Also rerouted some wires and clean some things up and replaced some zip tie mounts with adel clamps

GSU installed with M5 screws also I used nyloseal fittings for the pitot/static lines. The pitot and static lines (not the AOA though) will continue on to the G5.

Lemo Headset Jacks

Time: 8 hrs

Over the past few days I installed and wired up the 4 Lemo jacks for the Pilot, Co-pilot and Passenger headsets. I decided to use Lemo Jacks because: A. Most ANR headsets come with a Lemo jack option, B. It simplifies wiring a bit, C. It’s easy to convert from Lemo to regular jacks, but a little harder to do the other way around, and D. I have an ANR headset with a Lemo jack so I want to plug that directly in and not have to use a converter. I purchased the pre-made jacks from Aircraft Spruce. They’re about $20 more than just the Lemon jack itself and saves some time in wiring. They come with 3 ft of wire soldered on to the Lemo Jack: a ground wire, power wire, Mic Hi and Lo, and Comm L & R. They’re designed to be wiring into an existing Mic/Phones type setup, but you can wire them directly if you don’t have existing audio jacks.

I also installed the USB port for the front seats. This is just a panel mount connector that connects to the USB port on the GMA245R. It just converts the USB-B connector on the GMA to a USB-A type port. Originally I was doing to put this on the instrument panel, but I have a USB charger in the center console in my car and I like it there so I figured it would be good to have it that way in the plane as well. It will also be convenient to store the cable in the box when not in use. The Lemo jackets for the Pilot and Co-pilot also were installed in the storage box.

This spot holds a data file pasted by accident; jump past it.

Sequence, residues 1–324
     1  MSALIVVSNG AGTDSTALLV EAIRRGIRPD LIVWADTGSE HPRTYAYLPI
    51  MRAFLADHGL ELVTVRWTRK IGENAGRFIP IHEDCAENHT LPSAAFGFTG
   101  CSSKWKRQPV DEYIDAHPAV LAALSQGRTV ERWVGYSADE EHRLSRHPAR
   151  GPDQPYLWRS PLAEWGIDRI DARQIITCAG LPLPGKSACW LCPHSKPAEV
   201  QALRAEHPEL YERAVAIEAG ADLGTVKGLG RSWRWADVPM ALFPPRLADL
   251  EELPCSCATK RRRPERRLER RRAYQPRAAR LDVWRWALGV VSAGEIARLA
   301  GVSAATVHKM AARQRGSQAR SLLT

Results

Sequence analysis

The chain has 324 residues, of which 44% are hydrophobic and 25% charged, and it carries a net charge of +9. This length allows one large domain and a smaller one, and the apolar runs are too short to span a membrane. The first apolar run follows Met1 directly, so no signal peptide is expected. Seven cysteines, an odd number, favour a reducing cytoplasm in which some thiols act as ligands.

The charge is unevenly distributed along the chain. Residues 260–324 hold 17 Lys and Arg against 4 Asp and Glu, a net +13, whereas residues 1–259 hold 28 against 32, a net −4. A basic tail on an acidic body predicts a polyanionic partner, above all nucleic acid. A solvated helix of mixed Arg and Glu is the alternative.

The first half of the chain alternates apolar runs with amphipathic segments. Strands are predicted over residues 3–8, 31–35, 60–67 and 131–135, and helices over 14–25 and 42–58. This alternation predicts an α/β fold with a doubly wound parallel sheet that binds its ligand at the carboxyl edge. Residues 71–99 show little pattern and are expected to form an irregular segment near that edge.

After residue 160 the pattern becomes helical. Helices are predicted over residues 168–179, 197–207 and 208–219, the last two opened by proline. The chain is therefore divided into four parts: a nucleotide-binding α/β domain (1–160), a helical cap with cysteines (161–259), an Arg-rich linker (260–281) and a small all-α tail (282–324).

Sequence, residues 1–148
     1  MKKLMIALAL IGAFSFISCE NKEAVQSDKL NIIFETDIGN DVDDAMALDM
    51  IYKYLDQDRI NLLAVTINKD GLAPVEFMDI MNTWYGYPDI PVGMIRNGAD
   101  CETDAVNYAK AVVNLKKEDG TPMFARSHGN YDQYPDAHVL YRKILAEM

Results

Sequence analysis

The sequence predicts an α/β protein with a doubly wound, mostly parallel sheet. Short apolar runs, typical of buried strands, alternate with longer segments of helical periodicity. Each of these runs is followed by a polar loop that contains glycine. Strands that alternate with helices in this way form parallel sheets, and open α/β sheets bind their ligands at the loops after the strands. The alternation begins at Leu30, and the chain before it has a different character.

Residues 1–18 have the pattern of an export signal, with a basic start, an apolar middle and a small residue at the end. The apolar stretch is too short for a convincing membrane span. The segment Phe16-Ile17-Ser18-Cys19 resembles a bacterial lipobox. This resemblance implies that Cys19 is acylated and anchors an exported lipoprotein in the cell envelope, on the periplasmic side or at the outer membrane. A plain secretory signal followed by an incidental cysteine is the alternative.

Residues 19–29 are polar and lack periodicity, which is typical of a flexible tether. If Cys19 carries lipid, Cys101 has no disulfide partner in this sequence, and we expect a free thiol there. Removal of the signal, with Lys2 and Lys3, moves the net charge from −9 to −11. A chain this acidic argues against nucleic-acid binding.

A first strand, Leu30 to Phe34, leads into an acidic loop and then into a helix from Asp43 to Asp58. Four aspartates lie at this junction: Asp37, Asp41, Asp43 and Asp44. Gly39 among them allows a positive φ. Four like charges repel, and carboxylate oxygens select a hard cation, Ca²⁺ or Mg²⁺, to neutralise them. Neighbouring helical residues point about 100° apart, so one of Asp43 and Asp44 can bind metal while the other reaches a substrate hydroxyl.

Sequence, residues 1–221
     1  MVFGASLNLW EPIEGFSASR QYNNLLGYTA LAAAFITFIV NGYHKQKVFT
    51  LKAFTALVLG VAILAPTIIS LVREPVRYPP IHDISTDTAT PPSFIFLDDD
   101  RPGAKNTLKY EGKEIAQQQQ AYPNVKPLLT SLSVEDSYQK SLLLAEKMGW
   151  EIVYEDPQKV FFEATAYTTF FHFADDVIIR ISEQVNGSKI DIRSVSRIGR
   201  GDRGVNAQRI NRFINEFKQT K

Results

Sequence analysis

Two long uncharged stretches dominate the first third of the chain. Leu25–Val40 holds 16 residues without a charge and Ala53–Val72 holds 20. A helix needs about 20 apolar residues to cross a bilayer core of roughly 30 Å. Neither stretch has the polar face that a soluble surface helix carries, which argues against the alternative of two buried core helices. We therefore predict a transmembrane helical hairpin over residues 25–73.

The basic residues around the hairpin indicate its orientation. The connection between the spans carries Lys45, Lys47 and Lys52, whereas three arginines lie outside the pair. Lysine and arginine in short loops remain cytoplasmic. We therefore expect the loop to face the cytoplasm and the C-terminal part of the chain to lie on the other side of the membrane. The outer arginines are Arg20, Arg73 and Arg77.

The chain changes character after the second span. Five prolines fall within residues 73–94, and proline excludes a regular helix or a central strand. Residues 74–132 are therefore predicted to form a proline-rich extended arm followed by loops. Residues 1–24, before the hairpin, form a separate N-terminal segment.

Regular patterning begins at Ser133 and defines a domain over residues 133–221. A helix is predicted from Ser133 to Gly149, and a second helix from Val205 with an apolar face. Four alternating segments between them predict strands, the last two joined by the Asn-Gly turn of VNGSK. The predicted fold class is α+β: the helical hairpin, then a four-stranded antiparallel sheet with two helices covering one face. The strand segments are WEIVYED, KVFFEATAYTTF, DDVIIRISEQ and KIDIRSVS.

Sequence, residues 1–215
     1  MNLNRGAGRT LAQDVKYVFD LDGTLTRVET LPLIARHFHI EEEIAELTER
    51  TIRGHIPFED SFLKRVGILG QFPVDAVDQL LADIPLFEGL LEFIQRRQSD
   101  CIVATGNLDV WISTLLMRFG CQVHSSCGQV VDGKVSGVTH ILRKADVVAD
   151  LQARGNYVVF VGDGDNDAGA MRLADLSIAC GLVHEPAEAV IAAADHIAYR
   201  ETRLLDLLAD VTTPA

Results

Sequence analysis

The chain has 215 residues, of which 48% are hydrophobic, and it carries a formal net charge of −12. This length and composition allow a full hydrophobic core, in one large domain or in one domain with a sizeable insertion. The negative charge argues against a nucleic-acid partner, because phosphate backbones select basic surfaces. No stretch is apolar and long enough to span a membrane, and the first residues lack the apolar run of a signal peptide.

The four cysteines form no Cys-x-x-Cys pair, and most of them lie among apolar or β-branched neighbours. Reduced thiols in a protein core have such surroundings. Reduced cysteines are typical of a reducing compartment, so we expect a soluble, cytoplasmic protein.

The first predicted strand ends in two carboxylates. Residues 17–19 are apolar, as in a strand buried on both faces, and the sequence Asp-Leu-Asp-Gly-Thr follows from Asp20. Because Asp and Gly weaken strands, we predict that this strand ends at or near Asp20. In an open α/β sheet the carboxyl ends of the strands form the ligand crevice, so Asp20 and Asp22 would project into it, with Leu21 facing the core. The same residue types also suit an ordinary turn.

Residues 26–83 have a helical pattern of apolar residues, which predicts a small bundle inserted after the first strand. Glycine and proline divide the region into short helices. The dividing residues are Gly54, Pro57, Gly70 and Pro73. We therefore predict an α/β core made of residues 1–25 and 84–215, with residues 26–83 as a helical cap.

I made up a quick template in FrontDesign to use for marking the drill holes. I was fortunate that I made the top of the storage box removable. It was much easier to drill these out with the top off. I purchased a 15/16″ punch to make the hole for the Neutrik USB port. I suppose I could have used the step drill, but I figured it would be easier and cleaner to use the punch.

For the passenger area I had installed the Stratus USB charger a while ago and now the Lemo jacks are finally done. To install the Lemos I just marked the location to drill and then used a step drill to get the hole to the correct, size (14mm or about 9/16″). I love the split wire jacket, I’ve started to use it in quite a few places now. It’s super easy to install and keeps all the cabling organized and protected. For the Lemo jacks I used it to organize the passenger wiring coming from the rear console cover and the pilot/co-pilot wiring coming from the storage box.

The Pilot and Co-pilot Lemos and the Neutrik USB port installed in the storage box.

Amazingly it all fits.

All done with the jack installation. Now just need to pin up the other ends and connect it the the main wire run back to the GMA.

The installation manual for the Lemo Jacks calls for 1/4A fuses or 1/2A circuit breakers. I found this on Amazon and thought with was kind of nice. It mounts on a DIN rail that I attached with some 1″ standoffs and a piece of aluminum. I didn’t want to drill the large holes for the M5 rivets into the supports here because the flap motor attaches here and thought it might weaken the support. The main feed runs to the VPX and is a 2A CB. This box then feeds that through the fuses and out to the headsets. The only thing better would be if it fed all the fuses directly from the main input like some fuse boxes do. This on I had to jumper over to each input

Another view of the fuse box ad the connector I had to wire up for the Lemo jack interconnect. I used 2 15 pin connects and ran the shields through for the shielded wires.

That’s all done. I’ll clean up the wires a bit more and secure everything down.

I finally received the left fuel tank skin so I can get back to working on the fuel tanks. TAF unfortunately sent me another right wing tip. I now have 3 right wing tips and no left. I guess I’ll have to wait for the next shipment for that. Anyways I’ll be shifting gears and getting back to the wings and finishing up the fuel tanks.

Lastly, I should be getting my custom floor mats from SCS Interiors very soon so can’t wait for that.